Activists bemoan impact of cash crunch on environment
Environmentalists have expressed deep concern on the prevailing scarcity of cash in the country as it takes toll on the environment.
An environmental activist, Seun Bode, CEO, Trashusers service, has expressed concern that the situation is affecting the environment negatively as it keeps demotivating a lot of people who are making efforts in the recycling business.
“The cash problem is really affecting us. We have problem with the people who bring plastics for us and we pay them. The majority of them want cash instead of transfer, and because we cannot get enough cash to go round, they are not motivated to pick the plastics anymore because they feel they won’t get paid since they don’t want transfer.
“For instance, someone that brings like 100kg daily will bring 50kg or less and not even regular and when you ask, they say even though they bring, they won’t be paid. This is particularly the situation with the elderly women who strive to get used plastics off the environment because they say they don’t have bank accounts. So they’re not motivated to continue. Definitely the plastics will remain in the environment and its menace will continue.”
Another environmentalist, the founder of Greenminds initiative, Oluseye Illusanmi, who is advocating for a cleaner environment, has also raised the concern that people are no longer motivated to follow the course.
“As a young initiative, we usually contribute to our activities and outings, but now our members are complaining there is no money. It is affecting our advocacy programmes.
“The situation is not impacting the environment positively. People are hungry, no one wants to listen to ‘ take care of the environment’”. He said.
On whether the situation has indeed curbed people’s spending, Illusanmi stated that people were still spending as usual because they paid through their ATM cards or simply make transfer.
“People are even buying more than what they actually need because they cannot transfer too little money, which is harming the environment the more. For instance, my mum sells soft drinks and people come and do transfer to buy goods. When someone buys a drink of 200 naira, he feels it’s too little to transfer and then decides to buy five so that he can transfer 1000 naira. I know of someone that buys one bottled water whenever he needs, but now, he buys the pack and does transfer. So the situation has apparently forced him to stick to bottled water, because he does not want to transfer 300 naira.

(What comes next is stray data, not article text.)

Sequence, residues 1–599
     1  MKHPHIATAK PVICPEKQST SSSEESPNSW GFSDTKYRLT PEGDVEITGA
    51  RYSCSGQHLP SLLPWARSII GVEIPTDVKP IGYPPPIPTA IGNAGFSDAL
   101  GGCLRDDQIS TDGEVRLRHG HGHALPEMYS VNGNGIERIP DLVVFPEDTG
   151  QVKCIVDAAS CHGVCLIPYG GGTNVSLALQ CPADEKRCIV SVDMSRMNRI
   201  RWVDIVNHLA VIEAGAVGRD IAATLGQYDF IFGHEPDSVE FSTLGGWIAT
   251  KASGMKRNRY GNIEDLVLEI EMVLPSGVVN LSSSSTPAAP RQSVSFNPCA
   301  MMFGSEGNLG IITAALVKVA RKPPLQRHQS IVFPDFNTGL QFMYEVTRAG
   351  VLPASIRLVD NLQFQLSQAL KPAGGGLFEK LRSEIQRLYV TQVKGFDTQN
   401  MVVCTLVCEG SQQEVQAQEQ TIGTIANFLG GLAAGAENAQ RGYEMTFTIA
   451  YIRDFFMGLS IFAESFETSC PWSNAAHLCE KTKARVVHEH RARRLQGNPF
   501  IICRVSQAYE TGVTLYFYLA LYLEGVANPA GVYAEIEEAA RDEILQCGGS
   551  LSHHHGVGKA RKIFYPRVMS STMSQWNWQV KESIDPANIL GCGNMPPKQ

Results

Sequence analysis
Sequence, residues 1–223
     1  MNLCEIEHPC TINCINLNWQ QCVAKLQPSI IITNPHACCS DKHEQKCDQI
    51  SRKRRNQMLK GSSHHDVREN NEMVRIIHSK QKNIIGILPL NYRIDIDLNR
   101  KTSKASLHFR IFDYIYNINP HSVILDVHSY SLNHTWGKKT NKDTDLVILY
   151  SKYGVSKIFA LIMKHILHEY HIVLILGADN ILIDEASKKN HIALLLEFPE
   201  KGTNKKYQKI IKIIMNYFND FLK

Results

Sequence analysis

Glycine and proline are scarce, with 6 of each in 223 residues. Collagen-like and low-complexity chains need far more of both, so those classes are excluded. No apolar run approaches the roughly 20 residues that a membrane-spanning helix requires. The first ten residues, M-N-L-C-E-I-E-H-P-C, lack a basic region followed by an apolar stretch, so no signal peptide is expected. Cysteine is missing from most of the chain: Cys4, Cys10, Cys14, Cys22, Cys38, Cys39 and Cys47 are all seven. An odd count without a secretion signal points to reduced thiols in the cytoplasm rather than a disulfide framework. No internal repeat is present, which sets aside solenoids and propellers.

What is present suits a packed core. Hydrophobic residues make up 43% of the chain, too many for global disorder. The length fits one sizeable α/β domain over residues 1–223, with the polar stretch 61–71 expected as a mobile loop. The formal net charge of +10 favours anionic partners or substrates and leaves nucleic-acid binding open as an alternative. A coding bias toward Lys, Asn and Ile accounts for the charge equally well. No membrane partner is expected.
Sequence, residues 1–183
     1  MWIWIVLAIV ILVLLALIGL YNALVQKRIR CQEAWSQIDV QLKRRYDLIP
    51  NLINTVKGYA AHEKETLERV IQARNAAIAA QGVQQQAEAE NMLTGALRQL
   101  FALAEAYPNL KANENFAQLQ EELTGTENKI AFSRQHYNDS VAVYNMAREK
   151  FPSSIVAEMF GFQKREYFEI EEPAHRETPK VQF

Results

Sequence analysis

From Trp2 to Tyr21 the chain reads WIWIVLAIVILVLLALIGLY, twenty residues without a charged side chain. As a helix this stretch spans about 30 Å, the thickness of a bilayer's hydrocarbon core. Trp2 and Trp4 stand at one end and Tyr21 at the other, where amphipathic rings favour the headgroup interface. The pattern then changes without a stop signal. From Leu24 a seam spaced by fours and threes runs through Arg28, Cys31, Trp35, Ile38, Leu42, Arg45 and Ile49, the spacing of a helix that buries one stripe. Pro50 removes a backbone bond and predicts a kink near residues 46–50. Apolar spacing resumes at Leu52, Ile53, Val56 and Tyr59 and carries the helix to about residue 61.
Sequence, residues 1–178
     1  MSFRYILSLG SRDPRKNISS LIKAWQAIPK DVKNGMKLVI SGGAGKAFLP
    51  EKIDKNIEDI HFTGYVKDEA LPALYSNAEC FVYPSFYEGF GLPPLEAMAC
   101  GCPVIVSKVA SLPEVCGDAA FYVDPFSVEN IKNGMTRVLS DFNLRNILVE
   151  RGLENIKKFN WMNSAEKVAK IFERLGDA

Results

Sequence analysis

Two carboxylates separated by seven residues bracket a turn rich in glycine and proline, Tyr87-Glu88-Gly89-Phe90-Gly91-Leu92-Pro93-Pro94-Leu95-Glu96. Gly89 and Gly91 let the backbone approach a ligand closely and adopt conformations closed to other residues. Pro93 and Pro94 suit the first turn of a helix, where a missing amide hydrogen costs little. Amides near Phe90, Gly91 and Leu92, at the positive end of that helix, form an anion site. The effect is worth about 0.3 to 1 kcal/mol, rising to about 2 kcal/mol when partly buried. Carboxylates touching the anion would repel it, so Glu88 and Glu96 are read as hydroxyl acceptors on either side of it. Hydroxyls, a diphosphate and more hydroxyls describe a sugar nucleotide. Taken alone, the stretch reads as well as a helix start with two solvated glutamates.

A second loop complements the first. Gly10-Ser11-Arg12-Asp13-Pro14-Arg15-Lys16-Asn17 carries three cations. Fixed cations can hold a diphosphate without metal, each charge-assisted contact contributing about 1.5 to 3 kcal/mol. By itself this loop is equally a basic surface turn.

“It has even gone beyond what we expected. It’s really creating more havoc, the circular economy term is actually disrupted because people are buying what they don’t really need.
“Another instance is the sachet water that used to be rampant and even decompose faster than plastic. It has drastically reduced in sale because of the amount and there’s no cash to buy them. One cannot possibly transfer 20 naira or 50 naira to buy pure water from street hawkers, so people are buying more of the bottled water when outdoor,” Illusanmi said.
He also raised the concern that people had also reduced going out because of low cash for transportation which invariably means more domestic wastes would be piling at home and the environment.
The cash crunch currently experienced in the country has effectively forced many Nigerians to be mindful of their daily spending. Indeed for most Nigerians, daily needs are now prioritized and only the most important is purchased.
While it is quite depressing seeing the many sad faces in the environment and on ATM queues in the last few weeks desperately sourcing for cash, some environmentalists see it as a positive development for the environment.
Mohammed Idris, an environmentalist from the University of Lagos, who spoke to Naturenews described the CBN policy responsible for the cash crunch as a good initiative which would help sanitise the environment.
“When too much money circulates in the environment, there will be inflation and the money will have no value. The cash crunch is bringing sanity to the environment; it is making people have brains.
“Before now, Lagosians will hold frivolous parties every weekend, spending here and there, wasting resources; but now, everything has reduced because there’s difference between cash at hand and cash in the bank. In this cashless economy, you can’t throw a party of one million naira. People have no choice but to be prudent now.” He said.
Idris expressed the view that the environment in no time would witness significant reduction in roadside wastes as people would be forced to reduce their patronage of plastic drinks and other snacks, especially on the highways, because of lack of cash.